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Thursday, 5 February 2009
Page: 627

Mr NEVILLE (10:36 AM) —I am not exaggerating when I say that my office has been fielding complaints about telecommunications services and infrastructure—or, more precisely, the lack of services and infrastructure—for weeks on end. Every day, serious complaints about phone lines dropping out, services being disconnected without reason, lengthy breakdowns in email services and a failure to have existing accounts switched over to new providers have flooded in. Telstra, Optus—all the major telecommunications players—need to stop clowning around with their customers. I am not criticising employees working at the coalface—the techs et cetera. I save my comments for those further up the organisational chain of command in those companies.

Telstra has been by far the most common target of complaint. Let me quote from one constituent who outlined his problems in a recent letter to the editor:

On January 12 I rang Telstra about the sudden increase in my broadband bill, and after about three hours on the phone, that little problem was sorted out … Lo and behold, some bright spark decided to disconnect my phone line on the same day … for the next nine days, I spent over 30 hours talking to people and still not getting the problem fixed.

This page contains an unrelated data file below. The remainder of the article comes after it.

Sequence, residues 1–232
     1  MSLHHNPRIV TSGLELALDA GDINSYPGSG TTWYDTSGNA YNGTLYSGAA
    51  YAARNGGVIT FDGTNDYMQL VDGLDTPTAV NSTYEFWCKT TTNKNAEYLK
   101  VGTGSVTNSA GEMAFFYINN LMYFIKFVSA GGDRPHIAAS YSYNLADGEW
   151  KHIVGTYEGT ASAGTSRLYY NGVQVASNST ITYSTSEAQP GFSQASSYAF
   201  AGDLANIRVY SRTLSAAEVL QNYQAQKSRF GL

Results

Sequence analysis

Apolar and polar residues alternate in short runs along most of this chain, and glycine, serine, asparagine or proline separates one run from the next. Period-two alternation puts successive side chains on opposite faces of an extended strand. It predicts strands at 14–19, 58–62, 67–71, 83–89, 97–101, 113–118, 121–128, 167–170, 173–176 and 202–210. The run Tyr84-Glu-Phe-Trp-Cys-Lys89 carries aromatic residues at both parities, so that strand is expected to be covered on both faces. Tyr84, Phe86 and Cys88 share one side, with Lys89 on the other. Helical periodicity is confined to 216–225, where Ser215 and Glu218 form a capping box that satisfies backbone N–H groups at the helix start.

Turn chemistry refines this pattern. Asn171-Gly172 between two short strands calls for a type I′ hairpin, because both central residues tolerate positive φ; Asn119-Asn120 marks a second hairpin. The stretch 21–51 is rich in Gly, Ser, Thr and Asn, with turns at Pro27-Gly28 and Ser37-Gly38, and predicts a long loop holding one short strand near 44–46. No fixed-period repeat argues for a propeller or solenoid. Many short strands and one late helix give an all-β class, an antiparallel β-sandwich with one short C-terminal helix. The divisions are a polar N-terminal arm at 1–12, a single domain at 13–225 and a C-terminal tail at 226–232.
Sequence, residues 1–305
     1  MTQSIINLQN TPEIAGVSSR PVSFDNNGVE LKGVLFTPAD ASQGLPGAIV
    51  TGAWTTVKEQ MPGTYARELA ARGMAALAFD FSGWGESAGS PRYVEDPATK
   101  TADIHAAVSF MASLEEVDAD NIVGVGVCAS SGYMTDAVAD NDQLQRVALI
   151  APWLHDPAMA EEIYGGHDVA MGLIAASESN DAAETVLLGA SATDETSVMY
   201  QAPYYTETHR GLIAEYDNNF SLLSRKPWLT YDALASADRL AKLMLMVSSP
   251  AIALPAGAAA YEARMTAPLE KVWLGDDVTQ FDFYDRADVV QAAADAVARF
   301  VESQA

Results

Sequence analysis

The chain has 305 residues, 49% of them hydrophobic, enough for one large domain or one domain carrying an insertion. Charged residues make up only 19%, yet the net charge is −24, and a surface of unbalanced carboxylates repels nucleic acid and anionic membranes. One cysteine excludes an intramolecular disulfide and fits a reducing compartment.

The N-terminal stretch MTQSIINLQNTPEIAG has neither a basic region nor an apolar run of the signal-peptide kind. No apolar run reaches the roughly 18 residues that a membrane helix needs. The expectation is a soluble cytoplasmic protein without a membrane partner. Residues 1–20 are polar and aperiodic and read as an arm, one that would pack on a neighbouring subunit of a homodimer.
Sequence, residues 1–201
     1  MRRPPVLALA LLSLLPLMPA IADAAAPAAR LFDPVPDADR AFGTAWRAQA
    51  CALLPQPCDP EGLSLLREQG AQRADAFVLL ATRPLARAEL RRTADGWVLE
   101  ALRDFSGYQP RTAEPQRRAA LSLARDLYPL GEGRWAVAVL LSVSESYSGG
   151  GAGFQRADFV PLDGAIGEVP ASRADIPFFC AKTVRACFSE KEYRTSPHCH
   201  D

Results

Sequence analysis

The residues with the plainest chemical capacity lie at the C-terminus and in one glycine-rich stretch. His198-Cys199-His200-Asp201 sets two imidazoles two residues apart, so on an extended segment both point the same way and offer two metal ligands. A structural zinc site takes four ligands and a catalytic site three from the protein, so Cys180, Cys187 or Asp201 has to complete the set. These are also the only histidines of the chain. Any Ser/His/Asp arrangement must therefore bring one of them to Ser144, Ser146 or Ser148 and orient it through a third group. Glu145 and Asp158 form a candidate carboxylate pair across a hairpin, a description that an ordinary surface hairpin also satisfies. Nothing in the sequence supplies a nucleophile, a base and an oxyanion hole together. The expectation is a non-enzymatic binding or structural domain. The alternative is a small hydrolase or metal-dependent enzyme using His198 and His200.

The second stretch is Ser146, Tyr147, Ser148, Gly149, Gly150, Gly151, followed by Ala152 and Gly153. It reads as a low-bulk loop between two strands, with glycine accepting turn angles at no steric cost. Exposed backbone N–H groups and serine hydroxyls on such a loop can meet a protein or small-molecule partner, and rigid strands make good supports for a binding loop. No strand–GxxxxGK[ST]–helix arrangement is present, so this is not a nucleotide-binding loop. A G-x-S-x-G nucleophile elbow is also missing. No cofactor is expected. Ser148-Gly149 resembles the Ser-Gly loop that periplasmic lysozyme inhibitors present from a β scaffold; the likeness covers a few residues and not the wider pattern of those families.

Just this week my office was informed of a situation where for two months a customer had been without a phone because Optus failed to ‘port across’—that is the expression—a number to Telstra. The gentleman who rang for help simply wanted to change providers—to go from Optus to Telstra—and made his original request at the beginning of December. For two months he waited with no home phone and operated a home business from his mobile phone. It was not until he contacted my office in January that things started to happen for him and I am hopeful that the problem will now be resolved. If it is not, I will be making a ‘please explain’ request to Telstra on his behalf.

It is galling enough when a home phone or internet service fails, but even worse when your business depends on it. Without exaggerating, there are local businesses in my electorate which have lost thousands of dollars worth of potential business because their phone lines have not been working. Small business is copping it tough right now and, if service providers cannot get their act together for both business and residential customers, things are only going to get worse. In these tough times, that sort of conduct is inexcusable.